While I wait for the video from my TEDx talk to be edited (I'm told it'll be ready in a couple of weeks) I thought I'd post my own notes from the day. This text is basically the framework I talked around on the day - so it's likely to be a bit different from what I say on the video (this is code for "on the day I was very nervous and lost my way a bit"). The talk was about some of my own work to analyse and represent large sets of data as well as the process of data representation.
Hello, thanks for this great opportunity to talk to you today - My name is Paul May, and I'm a student at the Interactive Telecommunications Program here at NYU.
My goal with this talk is to continue a conversation that's happening at ITP right now. That conversation is about the ways in which information/data about our day to day activities is gathered and stored. It's also about the ways in which personal data and other large data sets - census data, seismic data, political polling data, are mapped into other forms - represented as graphics or sound or sculpture.
We think this conversation is timely. So much of our lives now are spent transacting and interacting with data. If you open a newspaper or website and it's highly likely you'll find a slickly produced infographic. Television news has become a mash-up of live footage and data-driven graphics. When we interact with our families on Facebook, we're interacting with pieces of data about them - data has become a cultural artifact and something we exchange in return for goods and services.
My Projects - Moving Away to Gain Perspective
So, when I came to ITP I think I did what a lot of people, including many Irish artists like Joyce and Beckett, do when they leave their home - they look back on where they're from with a new sense of detachment. Moving away has been an opportunity for me to think about home in a new way. Some of my work in data representation takes data related to Ireland, and tries to make sense of it, to tell stories with it. In doing this work I learned a huge amount.
My first project, called Irish Data - started out as an attempt to examine the cause's of Ireland's recent problems. Ireland, as you may have heard, has been experiencing an acute financial and social crisis. I wanted to examine data relevant to this period of time, to see what I could discover.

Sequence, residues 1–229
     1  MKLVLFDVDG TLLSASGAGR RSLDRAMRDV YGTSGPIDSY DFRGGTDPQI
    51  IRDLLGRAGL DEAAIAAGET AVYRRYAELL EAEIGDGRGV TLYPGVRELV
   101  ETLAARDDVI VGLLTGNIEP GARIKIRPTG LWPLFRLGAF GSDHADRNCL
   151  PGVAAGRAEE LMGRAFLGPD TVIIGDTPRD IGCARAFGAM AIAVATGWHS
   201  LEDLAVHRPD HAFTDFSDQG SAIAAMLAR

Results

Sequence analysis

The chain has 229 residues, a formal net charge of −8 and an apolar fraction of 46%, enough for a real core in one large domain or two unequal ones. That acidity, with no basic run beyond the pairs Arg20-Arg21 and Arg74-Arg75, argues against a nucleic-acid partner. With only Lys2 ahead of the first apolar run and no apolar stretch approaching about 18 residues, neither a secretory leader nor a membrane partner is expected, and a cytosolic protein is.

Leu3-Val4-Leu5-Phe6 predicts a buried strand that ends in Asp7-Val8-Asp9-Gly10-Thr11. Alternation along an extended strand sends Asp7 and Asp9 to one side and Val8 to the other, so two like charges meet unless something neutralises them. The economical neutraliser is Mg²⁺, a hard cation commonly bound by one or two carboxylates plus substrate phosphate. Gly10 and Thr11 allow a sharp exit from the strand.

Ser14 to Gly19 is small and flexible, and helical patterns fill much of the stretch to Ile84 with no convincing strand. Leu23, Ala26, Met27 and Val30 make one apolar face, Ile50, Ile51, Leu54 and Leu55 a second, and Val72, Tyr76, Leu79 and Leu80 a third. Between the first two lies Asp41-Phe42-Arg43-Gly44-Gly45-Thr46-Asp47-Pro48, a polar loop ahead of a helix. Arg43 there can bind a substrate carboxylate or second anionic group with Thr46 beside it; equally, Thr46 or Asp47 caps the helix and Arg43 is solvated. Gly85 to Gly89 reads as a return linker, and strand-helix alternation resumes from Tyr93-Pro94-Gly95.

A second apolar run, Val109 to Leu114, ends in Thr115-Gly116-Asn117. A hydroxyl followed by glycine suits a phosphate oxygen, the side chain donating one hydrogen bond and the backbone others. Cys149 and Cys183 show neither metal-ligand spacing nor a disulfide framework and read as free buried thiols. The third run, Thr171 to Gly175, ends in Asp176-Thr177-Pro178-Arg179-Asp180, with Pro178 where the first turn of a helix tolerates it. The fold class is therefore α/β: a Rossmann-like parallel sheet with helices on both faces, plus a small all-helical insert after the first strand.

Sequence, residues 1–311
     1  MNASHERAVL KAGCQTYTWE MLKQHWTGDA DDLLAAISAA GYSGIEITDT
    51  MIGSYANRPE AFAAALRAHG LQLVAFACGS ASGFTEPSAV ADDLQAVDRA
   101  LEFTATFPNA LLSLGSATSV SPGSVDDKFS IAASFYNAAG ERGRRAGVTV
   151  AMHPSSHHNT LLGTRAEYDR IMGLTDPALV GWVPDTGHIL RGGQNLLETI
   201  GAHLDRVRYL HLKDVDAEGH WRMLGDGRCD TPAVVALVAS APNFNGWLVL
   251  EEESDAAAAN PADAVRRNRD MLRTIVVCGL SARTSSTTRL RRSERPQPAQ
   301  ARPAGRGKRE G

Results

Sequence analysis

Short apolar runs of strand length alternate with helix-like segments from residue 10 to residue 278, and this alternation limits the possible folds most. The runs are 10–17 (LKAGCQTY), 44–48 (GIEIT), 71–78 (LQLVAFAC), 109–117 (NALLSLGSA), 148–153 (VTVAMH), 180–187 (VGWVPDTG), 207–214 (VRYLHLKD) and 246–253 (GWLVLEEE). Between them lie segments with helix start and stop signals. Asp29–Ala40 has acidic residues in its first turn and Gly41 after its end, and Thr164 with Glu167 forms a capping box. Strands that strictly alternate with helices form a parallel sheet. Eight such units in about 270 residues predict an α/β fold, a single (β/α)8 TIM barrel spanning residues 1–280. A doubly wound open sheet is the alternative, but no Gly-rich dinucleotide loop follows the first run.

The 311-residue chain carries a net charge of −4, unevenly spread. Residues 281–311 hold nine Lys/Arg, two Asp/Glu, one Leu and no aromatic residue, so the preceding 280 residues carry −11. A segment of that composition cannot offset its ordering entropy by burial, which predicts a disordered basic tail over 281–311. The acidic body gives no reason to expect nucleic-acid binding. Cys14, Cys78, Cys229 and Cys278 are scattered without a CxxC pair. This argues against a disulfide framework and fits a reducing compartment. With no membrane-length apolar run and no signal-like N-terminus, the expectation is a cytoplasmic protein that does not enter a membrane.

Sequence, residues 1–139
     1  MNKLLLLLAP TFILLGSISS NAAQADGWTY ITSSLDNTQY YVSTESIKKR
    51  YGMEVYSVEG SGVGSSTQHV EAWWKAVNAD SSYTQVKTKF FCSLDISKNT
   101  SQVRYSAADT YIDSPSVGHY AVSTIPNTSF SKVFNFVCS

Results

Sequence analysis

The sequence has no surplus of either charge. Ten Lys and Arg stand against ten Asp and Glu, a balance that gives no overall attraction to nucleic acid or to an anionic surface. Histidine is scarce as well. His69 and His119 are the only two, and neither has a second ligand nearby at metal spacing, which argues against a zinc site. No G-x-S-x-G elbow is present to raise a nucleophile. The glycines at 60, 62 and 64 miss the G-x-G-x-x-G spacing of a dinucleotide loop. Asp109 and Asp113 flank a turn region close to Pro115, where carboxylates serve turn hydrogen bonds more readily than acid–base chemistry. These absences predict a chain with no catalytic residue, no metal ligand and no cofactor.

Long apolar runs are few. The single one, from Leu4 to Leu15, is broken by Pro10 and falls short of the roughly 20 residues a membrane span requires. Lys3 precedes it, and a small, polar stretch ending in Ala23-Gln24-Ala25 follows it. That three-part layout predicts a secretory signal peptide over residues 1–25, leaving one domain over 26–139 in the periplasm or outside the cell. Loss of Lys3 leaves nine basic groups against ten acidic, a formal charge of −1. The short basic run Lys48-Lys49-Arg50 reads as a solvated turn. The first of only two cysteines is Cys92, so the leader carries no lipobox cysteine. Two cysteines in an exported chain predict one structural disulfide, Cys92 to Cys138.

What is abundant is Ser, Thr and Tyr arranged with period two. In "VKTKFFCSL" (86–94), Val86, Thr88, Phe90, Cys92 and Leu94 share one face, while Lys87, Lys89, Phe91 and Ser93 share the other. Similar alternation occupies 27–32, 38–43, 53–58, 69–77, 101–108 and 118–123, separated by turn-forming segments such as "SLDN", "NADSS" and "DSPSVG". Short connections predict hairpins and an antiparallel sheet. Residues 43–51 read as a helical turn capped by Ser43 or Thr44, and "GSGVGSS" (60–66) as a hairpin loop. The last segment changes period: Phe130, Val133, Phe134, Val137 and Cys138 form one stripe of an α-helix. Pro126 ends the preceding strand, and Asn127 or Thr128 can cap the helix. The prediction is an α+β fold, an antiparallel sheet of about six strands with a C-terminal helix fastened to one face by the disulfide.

I found relevant data incredibly hard to come by, and where data was available it was often in outmoded formats, structured in ways that could almost have designed to make the data difficult to use. The project became much less about representation of data, and much more about trying to grapple with the messiness of data. I took this messy data, cleaned it up, created my own repository and made it available through an API - then finished by making some very basic graphics based on this data. This is just one example of data taking me in directions I hadn't anticipated.
In another project called From Over Here I wanted to examine how Ireland is perceived from the perspective of my new home here in New York. I suppose like most people I have a thoroughly unscientific idea in my head as to how my place of origin is perceived. I used data pulled from the New York Times to show the amount of coverage of Ireland, and the types/themes of articles. I built this data into a physical form so I could walk around it, manipulate it, find stories. I found that coverage of Ireland is reasonably narrow, focusing on some not-so-positive topics - with our recent financial woes getting more coverage than any topic.
In doing these early projects, I learned a huge amount - firstly, as somebody with only basic programming skills, I found that the technical barrier to working with data is incredibly low. Each of us probably has access to a computer capable of accessing, storing and analysing huge quantities of data. Tools like Python, Processing and R - supported by extensive online resources and tutorials - make it easy for us to get started with our own data representation projects.